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MA deals: Sebi mulls ‘bright line’ rules to define control

In a major step towards bringing greater regulatory clarity for M&A deals, Sebi plans to put in place new guidelines to define ‘bright lines’ identifying the change of control in such transactions.

M&A deals: Sebi mulls bright line rules to define control

In a major step towards bringing greater regulatory clarity for M&A deals, Sebi plans to put in place new guidelines to define ‘bright lines’ identifying the change of control in such transactions. Under Sebi’s Takeover Regulations, the definition of ‘control’ is based on certain defined principles rather than on rules and there have been cases when multitude of opinion gives rise to different assessments of ‘control’ over a listed company, a senior official said. To deal with such cases, the regulator has decided to define certain ‘bright lines’ for identifying the control, he added.

A bright-line rule or a bright-line test generally refers to a simple and basic standard that can be applied to remove ambiguity and resolve contentious issues. In cases of merger and acquisitions, an acquirer or any other entity would be considered to be gaining control of the target company, if it fulfills the ‘bright line’ tests with regard to acquisition of voting rights, control over operations and influence in board decisions. There have been many cases, including in the much-talked about Jet-Etihad deal, when the issue of ‘control’ was debated a lot and it was felt that Sebi needs to put in place specific guidelines defining ‘bright lines’ to determine the control.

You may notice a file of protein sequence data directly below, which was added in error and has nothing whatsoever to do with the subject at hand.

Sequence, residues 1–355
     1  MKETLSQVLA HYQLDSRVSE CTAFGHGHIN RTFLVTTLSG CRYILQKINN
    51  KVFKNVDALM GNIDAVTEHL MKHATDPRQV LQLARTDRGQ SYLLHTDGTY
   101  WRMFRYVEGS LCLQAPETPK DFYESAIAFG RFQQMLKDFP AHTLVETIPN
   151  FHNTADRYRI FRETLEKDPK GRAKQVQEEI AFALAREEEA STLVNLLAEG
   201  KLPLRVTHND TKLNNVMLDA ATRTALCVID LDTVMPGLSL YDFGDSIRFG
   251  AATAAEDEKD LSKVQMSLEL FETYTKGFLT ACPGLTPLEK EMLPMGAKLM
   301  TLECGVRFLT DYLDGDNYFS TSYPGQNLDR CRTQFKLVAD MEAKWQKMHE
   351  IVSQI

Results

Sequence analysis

Sebi has also received representations from various investor groups and other entities, seeking some kind of guidance with a view to provide more clarity on the definition of control and to define bright lines on the same, the official said. In view of the same, he said, Sebi is attempting to provide more clarity on the principle-based approach for the term ‘control’. The fair trade regulator CCI had first pointed out in its order on Jet-Etihad deal that the various pacts between the two companies indicated Etihad’s joint control over Jet.

Following CCI’s observations, Sebi began looking into the matter to determine whether the deal was leading to joint control over Jet by its existing promoters and Etihad, which could have triggered a mandatory open offer for minority shareholders. Sebi, however, eventually ruled that the deal did not attract provisions of the Takeover Code, as it found a lack of substantial controlling powers with Etihad. It was said that Etihad had right to nominate only 2 out 12 directors, while promoters had powers to nominate the chairman of the board of Jet with, who will have a casting vote.

Besides, Etihad did not have any quorum rights at the board or general meeting, there was lack of any veto or affirmative voting rights with Etihad, among others.

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